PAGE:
In the paper, Why Do CFOs Become Involved in Material Accounting Manipulations? we investigate why CFOs become involved in material accounting manipulations. To address this research question, we examine two possible explanations. CFOs might instigate accounting manipulations for immediate personal financial gain, as reflected in their equity compensation. Alternatively, CFOs could manipulate the financial reports under pressure from CEOs.
Using a comprehensive sample of material accounting manipulations disclosed between 1982 and 2005, we investigate the costs and benefits associated with intentional financial misreporting for CFOs. We find that CFOs bear substantial legal costs when involved in accounting manipulations. We also document that these CFO equity incentives (measured by pay-for-performance sensitivity) are not significantly different from those of CFOs of control firms. However, CEOs of the manipulation firms have significantly higher equity incentives and power than CEOs of the control firms. Moreover, CFO turnover is significantly higher within three years prior to the occurrences of material accounting manipulations for manipulation firms than control firms, consistent with CFOs facing significant costs (loss of job) for saying no to CEO pressure. Finally, our AAER content analyses suggest that CEOs of manipulation firms are more likely than CFOs to be described as having orchestrated the manipulation and to be requested to disgorge financial gains from the manipulation. Taken together, our findings suggest that CFOs are likely to become involved in material accounting manipulations because they succumb to CEO pressure, rather than because they seek immediate financial benefit.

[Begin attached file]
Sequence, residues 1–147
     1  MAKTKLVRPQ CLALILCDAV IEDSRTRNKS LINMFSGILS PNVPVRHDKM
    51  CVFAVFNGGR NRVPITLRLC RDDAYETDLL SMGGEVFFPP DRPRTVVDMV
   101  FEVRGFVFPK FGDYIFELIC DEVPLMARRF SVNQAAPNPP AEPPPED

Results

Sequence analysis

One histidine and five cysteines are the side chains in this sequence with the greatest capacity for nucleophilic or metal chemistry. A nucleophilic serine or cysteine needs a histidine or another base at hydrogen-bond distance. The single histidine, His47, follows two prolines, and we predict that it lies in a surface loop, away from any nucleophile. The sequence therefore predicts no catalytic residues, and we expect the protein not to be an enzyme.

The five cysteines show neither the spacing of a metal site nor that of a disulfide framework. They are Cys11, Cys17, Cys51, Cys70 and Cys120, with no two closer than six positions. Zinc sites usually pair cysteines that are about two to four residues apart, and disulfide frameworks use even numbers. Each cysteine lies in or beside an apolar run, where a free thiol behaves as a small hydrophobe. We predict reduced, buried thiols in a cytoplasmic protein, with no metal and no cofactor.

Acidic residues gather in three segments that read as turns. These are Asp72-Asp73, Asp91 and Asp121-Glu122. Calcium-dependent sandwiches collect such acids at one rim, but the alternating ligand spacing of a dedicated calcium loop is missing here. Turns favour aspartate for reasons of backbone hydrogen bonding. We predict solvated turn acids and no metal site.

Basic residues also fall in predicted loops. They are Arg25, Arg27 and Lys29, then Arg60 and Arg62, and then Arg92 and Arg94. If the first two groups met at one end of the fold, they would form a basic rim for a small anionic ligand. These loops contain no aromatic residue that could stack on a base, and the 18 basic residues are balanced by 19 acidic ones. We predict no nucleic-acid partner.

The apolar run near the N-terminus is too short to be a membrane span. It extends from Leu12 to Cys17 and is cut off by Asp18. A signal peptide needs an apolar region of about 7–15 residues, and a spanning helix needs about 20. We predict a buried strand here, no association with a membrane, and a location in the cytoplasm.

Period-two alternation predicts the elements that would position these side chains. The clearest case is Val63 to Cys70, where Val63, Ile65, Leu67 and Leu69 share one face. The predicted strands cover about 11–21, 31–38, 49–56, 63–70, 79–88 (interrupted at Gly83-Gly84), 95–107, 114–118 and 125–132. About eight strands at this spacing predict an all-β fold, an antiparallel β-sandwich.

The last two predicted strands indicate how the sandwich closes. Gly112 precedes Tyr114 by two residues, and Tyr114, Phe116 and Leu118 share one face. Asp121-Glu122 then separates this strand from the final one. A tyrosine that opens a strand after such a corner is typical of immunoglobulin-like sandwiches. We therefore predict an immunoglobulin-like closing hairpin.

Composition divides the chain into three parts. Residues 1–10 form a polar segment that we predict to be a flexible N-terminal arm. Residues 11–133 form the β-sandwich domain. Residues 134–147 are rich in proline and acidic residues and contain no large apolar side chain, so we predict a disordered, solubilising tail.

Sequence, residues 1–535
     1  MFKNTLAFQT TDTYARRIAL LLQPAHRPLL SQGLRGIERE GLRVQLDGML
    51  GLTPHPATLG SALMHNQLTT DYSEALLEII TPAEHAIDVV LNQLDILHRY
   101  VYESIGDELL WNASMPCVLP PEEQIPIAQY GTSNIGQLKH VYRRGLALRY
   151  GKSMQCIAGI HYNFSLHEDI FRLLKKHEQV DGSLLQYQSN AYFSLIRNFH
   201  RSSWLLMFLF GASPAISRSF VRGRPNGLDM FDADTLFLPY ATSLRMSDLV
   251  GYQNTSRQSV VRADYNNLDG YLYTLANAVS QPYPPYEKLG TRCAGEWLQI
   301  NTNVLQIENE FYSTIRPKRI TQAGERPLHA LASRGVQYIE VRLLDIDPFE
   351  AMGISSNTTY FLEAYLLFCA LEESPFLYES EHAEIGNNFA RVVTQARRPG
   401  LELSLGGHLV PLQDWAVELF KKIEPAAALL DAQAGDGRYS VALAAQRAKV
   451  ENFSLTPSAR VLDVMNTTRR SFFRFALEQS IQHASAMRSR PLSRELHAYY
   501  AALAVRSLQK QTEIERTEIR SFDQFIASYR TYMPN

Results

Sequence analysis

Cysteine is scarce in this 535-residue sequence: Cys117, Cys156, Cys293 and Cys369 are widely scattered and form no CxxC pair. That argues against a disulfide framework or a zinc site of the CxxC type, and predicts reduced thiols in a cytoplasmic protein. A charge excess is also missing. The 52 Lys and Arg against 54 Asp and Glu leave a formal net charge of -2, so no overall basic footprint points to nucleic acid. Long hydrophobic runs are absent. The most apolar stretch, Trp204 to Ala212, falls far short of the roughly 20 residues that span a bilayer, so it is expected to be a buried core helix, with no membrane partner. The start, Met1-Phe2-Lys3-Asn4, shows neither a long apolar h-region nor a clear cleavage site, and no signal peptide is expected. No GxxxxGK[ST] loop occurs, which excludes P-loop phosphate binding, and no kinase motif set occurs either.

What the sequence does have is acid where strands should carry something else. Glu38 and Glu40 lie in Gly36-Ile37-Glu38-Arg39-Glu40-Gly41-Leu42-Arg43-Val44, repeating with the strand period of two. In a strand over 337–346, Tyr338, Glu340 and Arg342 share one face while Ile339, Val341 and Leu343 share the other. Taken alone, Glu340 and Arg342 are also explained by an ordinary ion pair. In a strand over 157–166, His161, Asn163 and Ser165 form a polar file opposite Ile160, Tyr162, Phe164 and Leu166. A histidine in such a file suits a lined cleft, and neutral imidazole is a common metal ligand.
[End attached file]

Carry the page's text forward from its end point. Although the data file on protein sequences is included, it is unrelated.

Some caveats are in order. First, we assume that CFOs of accounting manipulation firms are aware of or are involved in misreporting. We believe this assumption is reasonable given that one of the main job responsibilities of CFOs is to watch over the financial reporting process and make related decisions. However, in some unusual cases accounting manipulations could occur without the knowledge of CFOs (e.g., CEOs collude with divisional managers to create fictitious sales and hide the manipulation from CFOs). These cases are likely to add noise instead of introducing a systematic bias to our empirical results. Second, we assume that the companies identified by the SEC have indeed manipulated financial statements. This assumption seems reasonable given that the SEC spends effort and resources to establish evidence for the alleged manipulations. However, the SEC likely does not identify all the companies with accounting manipulations; as a result, some of our control firms might have “undetected” manipulations. This issue would be a concern if the SEC systematically pursues companies with characteristics examined and found significant in our empirical tests, but we are not aware of any evidence supporting this possibility.
While subject to these caveats, our paper contributes to the understanding of CFOs’ incentives when they face accounting manipulation decisions. Our findings suggest that CFOs are typically not the instigator of accounting manipulations. Instead, it appears that CEOs, especially powerful CEOs with high equity incentives, exert significant influence over CFOs’ financial reporting decisions. In other words, CFOs’ role as watchdog over financial reports is compromised by the pressure from CEOs. Overall, the findings of this study suggest a corporate governance failure for the accounting manipulation firms, and have important implications for current corporate governance reform. While researchers, practitioners, and regulators have generally concluded that stock-based compensation has provided managers with incentives to misstate accounting numbers, our results indicate that re-designing compensation packages for CFOs is not necessarily the only remedy. Improving CFO independence by alleviating the pressure of CEOs on CFOs could be critical to improving financial reporting quality. One possible way to achieve this would be to have boards or audit committees more involved in CFO performance evaluation and in hiring and retention decisions (Matejka, 2007).
The full paper is available for download here.